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Department of

Molecular and Cellular Physiology

Research Areas

The Department of Molecular and Cellular Physiology conducts state-of-the-art research into a variety of basic and translational questions.

One major focus of the department is understanding the processes that lead to injury of gastric epithelial cells, and how to reverse those injuries. Experiments are designed to model the aging stomach, gastric ulcers, and gastric cancer. Model systems include normal and mutant mice, tissue culture models, and a transplantation model using mouse- and human-derived gastric organoids.

We are also active in systems-biology research. In particular, we use mathematical simulations to predict the dynamical properties of circadian rhythms and the cell cycle. Predictions from these models are experimentally validated using the tools of genetics and molecular biology. Model organisms range from the fungus Neurospora to mouse.

Other laboratories in the department explore transmembrane ion transport in a variety of systems, including the roles of Na+,K+-ATPase isoforms in skeletal muscle contraction; calcium signaling in normal and cystic cells of the kidney; and iron transport and homeostasis in health and disease.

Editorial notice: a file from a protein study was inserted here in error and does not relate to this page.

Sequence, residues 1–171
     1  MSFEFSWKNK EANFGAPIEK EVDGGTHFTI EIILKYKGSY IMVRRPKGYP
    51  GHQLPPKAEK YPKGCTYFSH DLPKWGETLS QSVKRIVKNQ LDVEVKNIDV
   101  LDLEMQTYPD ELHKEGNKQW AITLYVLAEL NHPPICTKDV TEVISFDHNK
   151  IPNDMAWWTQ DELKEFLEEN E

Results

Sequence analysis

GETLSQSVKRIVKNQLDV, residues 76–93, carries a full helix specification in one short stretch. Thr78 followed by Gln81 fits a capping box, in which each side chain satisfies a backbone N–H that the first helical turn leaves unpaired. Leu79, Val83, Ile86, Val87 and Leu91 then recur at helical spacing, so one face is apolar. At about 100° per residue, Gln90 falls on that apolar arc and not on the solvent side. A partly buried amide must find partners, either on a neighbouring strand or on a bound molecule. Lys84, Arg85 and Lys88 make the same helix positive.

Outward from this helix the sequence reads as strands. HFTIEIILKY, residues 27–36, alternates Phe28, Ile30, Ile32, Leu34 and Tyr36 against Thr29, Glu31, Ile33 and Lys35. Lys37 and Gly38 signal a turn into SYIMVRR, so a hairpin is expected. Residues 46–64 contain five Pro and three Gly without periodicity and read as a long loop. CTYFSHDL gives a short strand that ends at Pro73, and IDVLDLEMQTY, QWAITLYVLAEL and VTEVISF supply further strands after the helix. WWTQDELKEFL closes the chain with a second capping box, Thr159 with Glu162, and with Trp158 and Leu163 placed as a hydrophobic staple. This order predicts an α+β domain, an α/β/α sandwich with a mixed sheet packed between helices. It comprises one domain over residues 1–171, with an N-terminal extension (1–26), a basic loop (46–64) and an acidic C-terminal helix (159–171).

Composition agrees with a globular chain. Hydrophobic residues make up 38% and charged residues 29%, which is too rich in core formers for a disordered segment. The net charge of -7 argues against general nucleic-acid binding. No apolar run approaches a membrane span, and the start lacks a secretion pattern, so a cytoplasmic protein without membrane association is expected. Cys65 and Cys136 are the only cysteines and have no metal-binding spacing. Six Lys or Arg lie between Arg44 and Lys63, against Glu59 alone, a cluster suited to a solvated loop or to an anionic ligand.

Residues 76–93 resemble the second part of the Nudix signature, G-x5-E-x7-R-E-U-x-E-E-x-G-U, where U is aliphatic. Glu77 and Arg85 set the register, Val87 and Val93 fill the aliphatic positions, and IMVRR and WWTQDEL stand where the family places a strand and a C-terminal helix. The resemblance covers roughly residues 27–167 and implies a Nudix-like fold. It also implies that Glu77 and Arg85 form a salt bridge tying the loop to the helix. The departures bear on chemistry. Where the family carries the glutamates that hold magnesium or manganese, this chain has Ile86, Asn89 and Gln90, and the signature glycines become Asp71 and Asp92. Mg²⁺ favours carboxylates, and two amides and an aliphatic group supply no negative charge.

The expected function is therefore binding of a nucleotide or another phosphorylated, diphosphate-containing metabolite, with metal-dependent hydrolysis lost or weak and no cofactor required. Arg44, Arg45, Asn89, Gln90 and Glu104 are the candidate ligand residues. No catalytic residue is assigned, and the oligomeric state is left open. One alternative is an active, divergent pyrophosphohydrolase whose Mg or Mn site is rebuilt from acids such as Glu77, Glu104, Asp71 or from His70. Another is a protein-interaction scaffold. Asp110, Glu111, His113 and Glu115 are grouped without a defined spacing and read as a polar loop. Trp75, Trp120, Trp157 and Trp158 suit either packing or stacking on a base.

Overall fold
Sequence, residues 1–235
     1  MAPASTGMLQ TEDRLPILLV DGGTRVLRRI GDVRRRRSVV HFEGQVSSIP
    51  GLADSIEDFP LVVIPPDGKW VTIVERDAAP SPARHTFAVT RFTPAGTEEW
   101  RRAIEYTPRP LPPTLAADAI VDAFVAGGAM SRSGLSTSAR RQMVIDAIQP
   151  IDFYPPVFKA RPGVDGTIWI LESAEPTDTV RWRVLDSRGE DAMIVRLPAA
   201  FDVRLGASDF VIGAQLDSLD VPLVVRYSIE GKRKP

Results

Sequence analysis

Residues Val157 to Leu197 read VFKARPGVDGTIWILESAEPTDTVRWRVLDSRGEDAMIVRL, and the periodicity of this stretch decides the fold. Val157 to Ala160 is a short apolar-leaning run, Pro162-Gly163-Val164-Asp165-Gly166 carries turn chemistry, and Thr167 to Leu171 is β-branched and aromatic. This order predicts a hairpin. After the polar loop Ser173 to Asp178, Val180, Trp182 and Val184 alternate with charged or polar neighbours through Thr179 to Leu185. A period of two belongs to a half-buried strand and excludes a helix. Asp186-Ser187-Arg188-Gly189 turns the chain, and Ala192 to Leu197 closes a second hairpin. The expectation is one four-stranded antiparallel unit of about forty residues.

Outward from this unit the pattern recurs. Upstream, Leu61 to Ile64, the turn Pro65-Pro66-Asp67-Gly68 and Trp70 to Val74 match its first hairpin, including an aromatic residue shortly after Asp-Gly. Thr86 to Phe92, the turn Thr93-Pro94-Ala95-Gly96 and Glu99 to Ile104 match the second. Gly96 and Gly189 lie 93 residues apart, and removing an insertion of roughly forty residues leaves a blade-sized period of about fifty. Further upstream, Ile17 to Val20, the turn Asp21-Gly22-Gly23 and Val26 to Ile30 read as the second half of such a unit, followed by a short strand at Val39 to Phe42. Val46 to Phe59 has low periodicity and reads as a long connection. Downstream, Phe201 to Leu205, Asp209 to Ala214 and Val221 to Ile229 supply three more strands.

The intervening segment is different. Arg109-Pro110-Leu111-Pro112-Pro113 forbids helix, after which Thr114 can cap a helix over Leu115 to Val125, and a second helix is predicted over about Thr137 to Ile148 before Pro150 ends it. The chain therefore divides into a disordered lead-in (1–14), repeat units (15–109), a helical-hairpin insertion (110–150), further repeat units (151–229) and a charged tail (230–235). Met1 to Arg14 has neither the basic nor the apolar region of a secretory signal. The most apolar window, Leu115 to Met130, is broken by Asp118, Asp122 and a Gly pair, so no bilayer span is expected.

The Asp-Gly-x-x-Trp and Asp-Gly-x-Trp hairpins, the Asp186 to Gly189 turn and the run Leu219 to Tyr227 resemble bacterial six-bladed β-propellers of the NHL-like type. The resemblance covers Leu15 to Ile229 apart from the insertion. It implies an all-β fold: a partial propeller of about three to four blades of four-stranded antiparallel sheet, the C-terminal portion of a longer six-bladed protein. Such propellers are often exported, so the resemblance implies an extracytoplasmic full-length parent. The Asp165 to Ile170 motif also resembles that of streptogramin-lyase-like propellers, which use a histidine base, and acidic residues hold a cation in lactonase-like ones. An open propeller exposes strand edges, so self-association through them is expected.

An additional area of concentration is neurophysiology. In one project, conditional and non-conditional genomic knockout animals are used to study the requirement of critical proteins for neuronal development and maintenance. In another lab, injured nerves in model rats are guided to repair by resorbable magnesium wires.

Many of these projects take advantage of the department's two core facilities: the Live Microscopy Core (including high-resolution confocal and two-photon light microscopy) and the Mouse Core (for in depth analyses of cardiovascular, renal, and pulmonary systems in model mice).

For additional details on these projects, see the research interests listed for the individual faculty members.